Anyway, I think what I have learn't from all of that was that DS is following his own development path and will develop skills when he is ready to. We have tried to encourage activity where possible: he would not engage with the exercises, but we did trips to the park, swimming etc. The OT explained to me that increasing core strength improves the ability to balance. As he has got older he has started Karate which he enjoys (DS has never seemed in full control of his limbs) and we are lucky to have found a group which is quite inclusive. When he was younger he was fortunate enough to do Riding for the Disabled which was also helpful.

At school he has fallen/been pushed a lot in the playground. Like your DS he is one of the older ones in the year, I have no idea how he would have managed if he had been August born. The good news is this has improved a lot. PE has been OK for him, SportsDay less so, but I think it depends on the school. My advice would be to go and discuss your concerns with the school SENCO, and class teacher in the summer term before he starts. It can be worth putting things in writing or email as well, so that school has a record of what's been said. Also I remember that someone from the LA came to look at him in the pre school year, and made some suggestions (pre school were very good with him), if he is in nursery/pre school, have you discussed your concerns with them? My final suggestion is to make a bullet point list of your concerns before any appointment so that you can hand it to the paediatrician, rather than having to say "DS really struggles to do xyz" in front of him, also you don't forget anything that way. Ideally take another adult to the appointment if possible.

I think I may be somewhat dyspraxic, and I remember not being able to catch a ball as a child (I just couldn't do it, no matter how much I practiced), however the skill just came to me in my mid teens. The same thing happened with running, I went from being the slowest in the class to one of the quickest, almost overnight! What I'm trying to say is that for many people, a degree of catch up is certainly possible.

Hope this helped!

artichaut27 Fri 18-Jan-19 12:06:56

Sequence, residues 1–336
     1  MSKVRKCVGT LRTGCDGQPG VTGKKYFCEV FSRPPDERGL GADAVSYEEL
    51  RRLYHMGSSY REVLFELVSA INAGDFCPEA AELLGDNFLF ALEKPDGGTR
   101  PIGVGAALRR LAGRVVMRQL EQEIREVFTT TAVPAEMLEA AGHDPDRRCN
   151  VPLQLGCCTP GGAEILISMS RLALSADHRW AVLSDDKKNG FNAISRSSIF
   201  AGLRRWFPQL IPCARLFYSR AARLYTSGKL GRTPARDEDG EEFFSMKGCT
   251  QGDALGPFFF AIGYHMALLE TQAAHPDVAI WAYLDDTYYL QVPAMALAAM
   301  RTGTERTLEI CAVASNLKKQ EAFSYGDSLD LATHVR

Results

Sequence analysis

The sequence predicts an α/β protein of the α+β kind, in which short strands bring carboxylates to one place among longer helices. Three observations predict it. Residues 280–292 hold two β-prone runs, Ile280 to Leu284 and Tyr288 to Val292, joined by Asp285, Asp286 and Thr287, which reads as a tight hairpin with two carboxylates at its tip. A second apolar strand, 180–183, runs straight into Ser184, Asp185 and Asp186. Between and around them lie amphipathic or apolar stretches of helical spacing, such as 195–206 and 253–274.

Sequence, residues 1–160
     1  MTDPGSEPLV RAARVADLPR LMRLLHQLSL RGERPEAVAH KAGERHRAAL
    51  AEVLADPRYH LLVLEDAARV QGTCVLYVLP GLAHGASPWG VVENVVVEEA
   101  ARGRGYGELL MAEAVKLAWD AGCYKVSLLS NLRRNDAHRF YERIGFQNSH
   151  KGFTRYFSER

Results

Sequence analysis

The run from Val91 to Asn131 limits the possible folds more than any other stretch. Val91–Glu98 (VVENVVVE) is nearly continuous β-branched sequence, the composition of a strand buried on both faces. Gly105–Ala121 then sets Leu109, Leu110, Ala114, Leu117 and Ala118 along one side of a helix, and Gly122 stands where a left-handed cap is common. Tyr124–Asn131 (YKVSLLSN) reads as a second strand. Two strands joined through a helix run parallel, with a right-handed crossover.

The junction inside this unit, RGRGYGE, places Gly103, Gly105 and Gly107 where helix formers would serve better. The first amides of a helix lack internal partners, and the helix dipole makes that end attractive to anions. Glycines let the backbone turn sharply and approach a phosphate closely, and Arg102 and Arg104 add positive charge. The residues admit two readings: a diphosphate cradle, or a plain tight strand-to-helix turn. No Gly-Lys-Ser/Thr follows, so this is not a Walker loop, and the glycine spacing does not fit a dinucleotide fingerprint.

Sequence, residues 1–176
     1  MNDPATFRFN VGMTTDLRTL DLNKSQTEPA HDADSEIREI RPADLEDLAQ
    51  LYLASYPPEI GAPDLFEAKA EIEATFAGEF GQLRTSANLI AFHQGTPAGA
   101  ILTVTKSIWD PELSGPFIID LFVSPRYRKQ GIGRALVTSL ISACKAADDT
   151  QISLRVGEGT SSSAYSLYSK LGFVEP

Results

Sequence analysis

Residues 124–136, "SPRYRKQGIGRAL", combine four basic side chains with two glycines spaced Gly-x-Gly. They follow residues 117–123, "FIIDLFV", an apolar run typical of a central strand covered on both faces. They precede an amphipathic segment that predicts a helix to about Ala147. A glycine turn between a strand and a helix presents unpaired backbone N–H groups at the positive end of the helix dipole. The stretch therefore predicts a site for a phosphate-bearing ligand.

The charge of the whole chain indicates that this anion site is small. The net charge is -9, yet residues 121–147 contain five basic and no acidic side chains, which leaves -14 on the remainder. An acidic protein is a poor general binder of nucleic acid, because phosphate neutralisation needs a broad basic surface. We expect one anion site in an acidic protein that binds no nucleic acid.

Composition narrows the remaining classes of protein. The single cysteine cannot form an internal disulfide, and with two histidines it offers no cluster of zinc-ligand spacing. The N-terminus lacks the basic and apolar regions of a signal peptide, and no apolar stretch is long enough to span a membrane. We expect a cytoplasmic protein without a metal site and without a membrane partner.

My DS1 is Dyspraxic and my DS2 is hyper mobile.

DS1 was assessed last year, age 7 by a physio and an OT. He took the ABC movement test, which is designed to diagnose the physical aspect of dyspraxia. It's a series of activities testing fine motor skill and gross motor (walking on a line, wheelbarrows, balancing on a leg, catching and throwing a bean bag).

Tests are different depending on age.

The thing is that my DS1 dyspraxia was not obvious: he met all milestones at the right age, except talking where he was late (he needs SALT for lisp now).
It started to show in year 1 most as he wasn't really good at PE, and his handwriting didn't improve. He also took longer to learn how to read but when he did, he became one of top readers in this class.

The Dyspraxia Foundation said to me on the phone that cognitively it takes longer for the penny to drop for Dyspraxic kids.

As for PE and football, my DS1 is really not that interested. He's rather draw, read, and build Lego or Mecano. He's very actively physically as we live in Devon and he has tons of chances to walk, climb, run etc. But structured sports or competitiveness don't really interest him and I don't he feels like he's missing out on something.

My DS2 walked at 15 months, didn't jump until he was 3 y/o. He stumbles and falls regularly, and he's a messy eater but he's not dyspraxic. I had him assessed by physio in November and he's hyper mobile.

I've bought a big exercise ball for both. It was recommended by physio. It helps strengthening their core.

HexagonalBattenburg Tue 22-Jan-19 10:27:07

DD2 is 5, nearly 6 now. Started pushing for a diagnosis fairly soon after our first parents evening when she started school (so early October) and had a lot of issues with the GP behaving appallingly and refusing to refer - but we did eventually get taken seriously - referred on to paediatrician and then on to occupational therapy for assessment and back to the paediatrician for diagnosis... diagnosis came through start of September - so took nearly a year to work through the full system for it. Had a course of occupational therapy which was very useful - but they're shit at returning reports and our SENCO has just blown her top with them completely chasing recommendations up... course of speech therapy which was appalling (DD2 has verbal dyspraxia as well and quite disorganised speech) and then they pulled that early - so we've had to go down the private route with that (bank of nanna and grandad style).

I did a lot of pushing things along, had a spreadsheet of when I was expecting to hear back from different departments and I would chase mercilessly. I also used the line "I am an experienced teacher and this is NOT behaviour I would be expecting to see as normal in a child of this age" several times when getting the verbal headpats and talking down to that certain professionals like to throw at parents to dismiss their concerns - I think we'd still be awaiting diagnosis if I hadn't checked referrals had been done, chased up paperwork and made sure several times that we hadn't been lost in the system (because they are buggers for doing that particular stunt).